Court upholds House, Senate redistricting plans

By Chris Dickerson | Nov 23, 2011





CHARLESTON – The state Supreme Court will not change the recently redrawn House of Delegates and state Senate district.

In an order issued Wednesday afternoon, the Court voted 5-0 not to change the state Senate districts. The Justices voted 4-1 not to change the House districts. Justice Brent Benjamin dissented on the House ruling and likely will file a dissenting opinion soon.

Five separate lawsuits alleged the Legislature was trying to gerrymander districts when lawmakers drew new district lines, which is done every 10 years following U.S. Census figures. Two of the suits were directed at the Senate plans, while the other three took aim at House redistricting maps. Arguments took place Nov. 17.

House Speaker Rick Thompson was pleased with the quick decision.

"I would like to thank the members of the Court for full consideration of the House of Delegates redistricting cases and a quick decision that I am pleased upholds the constitutionality of the redistricting process," Thompson, D-Wayne, said.

House Majority Leader Brent Boggs, who also was chairman of the House Committee on Redistricting, also was happy.

"I am very pleased that the hard work of the Redistricting Committee members, of all House members, was validated by the Court's ruling," Boggs said. "Operating under the legal and constitutional parameters set before us, House members reached out to the people in their communities, sought feedback and did their level best to ensure that districts were drawn to serve constituents in their regions.

"This Court's ruling underscores what we have said all along: We followed the law and the result was a constitutionally sound redistricting plan."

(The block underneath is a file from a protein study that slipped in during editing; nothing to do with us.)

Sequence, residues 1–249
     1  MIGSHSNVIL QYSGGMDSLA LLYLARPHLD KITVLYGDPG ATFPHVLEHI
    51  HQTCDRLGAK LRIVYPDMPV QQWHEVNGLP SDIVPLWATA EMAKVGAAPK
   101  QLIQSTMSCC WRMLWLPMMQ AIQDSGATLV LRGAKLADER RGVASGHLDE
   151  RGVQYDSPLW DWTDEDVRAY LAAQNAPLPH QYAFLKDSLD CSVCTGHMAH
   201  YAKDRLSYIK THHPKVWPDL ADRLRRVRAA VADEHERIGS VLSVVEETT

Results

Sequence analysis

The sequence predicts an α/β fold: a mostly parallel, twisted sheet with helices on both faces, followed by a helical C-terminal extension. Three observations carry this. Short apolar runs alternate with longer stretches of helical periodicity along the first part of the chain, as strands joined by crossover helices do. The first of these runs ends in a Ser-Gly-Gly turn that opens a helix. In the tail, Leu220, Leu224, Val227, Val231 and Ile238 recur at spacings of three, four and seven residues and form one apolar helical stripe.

Secretary of State Natalie Tennant also was pleased with the quick return.

"I am happy that the Supreme Court issued a ruling so quickly," she said. "We had asked for a decision by Dec. 1 because election officials are facing some very pressing deadlines. This decision removes any uncertainty election officials may have had regarding redistricting. County clerks will have to notify voters of any changes that affect them, and by law that must be done in a matter of weeks.

"This case clearly illustrates how our three branches of government work: The legislative branch crafts and passes the laws, the executive branch puts those laws into place, and if a citizen wants to challenge any law they can petition the judicial branch."

Wednesday's ruling came on the final day of the Supreme Court's fall term. Justice Thomas McHugh will write the full opinion when it is released later.

There still is yet another lawsuit pending in federal court regarding the redrawing of U.S. House of Representatives districts.

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